First up we have Girl vs. Boy Band: The Right Track by Harmony Jones, the opener of a new series aimed at tween girls who aren’t quite ready for YA contemporary titles but are craving a bit of innocent romantic interaction.  We received this one from Bloomsbury for review.  Here’s the blurb from Goodreads:

Talented but painfully shy eighth-grader Lark secretly writes feisty, heartfelt songs about her life-about school, crushes on boys, not getting along with her mom, and missing her dad who lives in Nashville. But that secret becomes harder to keep when Lark’s mother, a music record executive at her own label, announces that British boy band Abbey Road will be coming to live with them while they make their first album!

Sharing her L.A. house with three noisy, mischievous rising stars isn’t as glamorous as expected, especially when things aren’t going smoothly with the band members. When one of them plagiarizes one of Lark’s songs and passes it off as his own, will Lark gain the courage to step into the spotlight herself?

Dip into it for…girl vs boy band

…innocent adventures with a self-effacing and  down-to-earth main character who is going through some majorly disruptive life events.  Lark is a girl with a lot of talent but not much confidence, whose recent family breakup has meant that she has had to move to a new town.  Her best friend Mimi provides the comic relief and the encouragement and the strong friendship developed throughout the book will appeal to young female readers.  As indeed will the attractive young males that suddenly appear in Lark’s house, due to her mother’s job as a musical talent agent and recording studio boss.  Generally, this is a story featuring a positive pair of female leads, pitched at a female audience on the cusp of the teenage experience.

Don’t dip if…

…you’re not up for a tween-girl issues fest.  I will admit that this is not my kind of book, and while there is obviously a gap in the market that needs to be filled with age-appropriate content for young women who are venturing into the romance/contemporary genre and need something slightly less adult-themed than your typical YA title, I cannot picture the actual young person who will pick up this book and get excited about it.  Clearly, I am not the target audience for this one.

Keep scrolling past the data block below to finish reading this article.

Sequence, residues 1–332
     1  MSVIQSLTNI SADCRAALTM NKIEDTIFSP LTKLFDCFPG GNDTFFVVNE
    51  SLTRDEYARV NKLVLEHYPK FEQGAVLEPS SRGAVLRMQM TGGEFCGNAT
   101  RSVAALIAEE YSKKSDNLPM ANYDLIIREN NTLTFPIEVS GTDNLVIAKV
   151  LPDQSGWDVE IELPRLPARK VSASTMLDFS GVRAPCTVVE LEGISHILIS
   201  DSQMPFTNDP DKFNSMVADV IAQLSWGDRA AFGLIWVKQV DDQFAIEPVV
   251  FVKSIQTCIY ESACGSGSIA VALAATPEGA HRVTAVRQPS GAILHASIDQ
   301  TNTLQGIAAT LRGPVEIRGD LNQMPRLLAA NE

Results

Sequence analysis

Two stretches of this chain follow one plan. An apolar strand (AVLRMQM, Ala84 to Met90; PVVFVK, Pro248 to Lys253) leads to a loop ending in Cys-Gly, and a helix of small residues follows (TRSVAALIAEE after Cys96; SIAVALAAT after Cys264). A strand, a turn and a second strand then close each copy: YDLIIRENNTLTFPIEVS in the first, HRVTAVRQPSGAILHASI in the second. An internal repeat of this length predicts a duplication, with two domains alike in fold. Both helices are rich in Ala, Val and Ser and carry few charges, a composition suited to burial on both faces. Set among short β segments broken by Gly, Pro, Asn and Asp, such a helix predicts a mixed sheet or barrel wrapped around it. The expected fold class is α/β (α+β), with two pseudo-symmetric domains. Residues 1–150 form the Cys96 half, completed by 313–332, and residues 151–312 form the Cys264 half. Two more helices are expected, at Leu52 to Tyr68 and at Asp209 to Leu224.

Overall Dip Factor

If you can stomach tween-angst (or you are a tween), then this is a fun, light read with some beguiling main characters on a crazy, growing-up adventure.  There’s a bit of diversity thrown in, in that Mimi, Lark’s best friend is Latina.  This is a good opening piece for what will be an ongoing series with a slight cliffhanger ending that will entice readers to seek out the second book.  Overall, I enjoyed the friendship between Mimi and Lark and the focus on Lark gaining confidence to shine her light, as it were.

Next up we have The Bubble Boy by Stewart Foster, which we received from Simon & Schuster Australia for review.  Here’s the blurb from Goodreads:

They call it a crash when the blood goes from my head to my feet, pours out into the room and drains through a hole in the middle of the floor. They call it a crash when the walls start spinning and the pictures blur. Then the ceiling turns black and the floor turns black and I don’t know which way I’m facing any more.

Eleven-year-old Joe can’t remember a life outside of his hospital room, with its beeping machines and view of London’s rooftops. His condition means he’s not allowed outside, not even for a moment, and his few visitors risk bringing life-threatening germs inside his ‘bubble’. But then someone new enters his world and changes it for ever.

THE BUBBLE BOY is the story of how Joe spends his days, copes with his loneliness and frustrations, and looks – with superhero-syle bravery, curiosity and hope – to a future without limits. Expect superheroes, super nurses and a few tears from this truly unique story.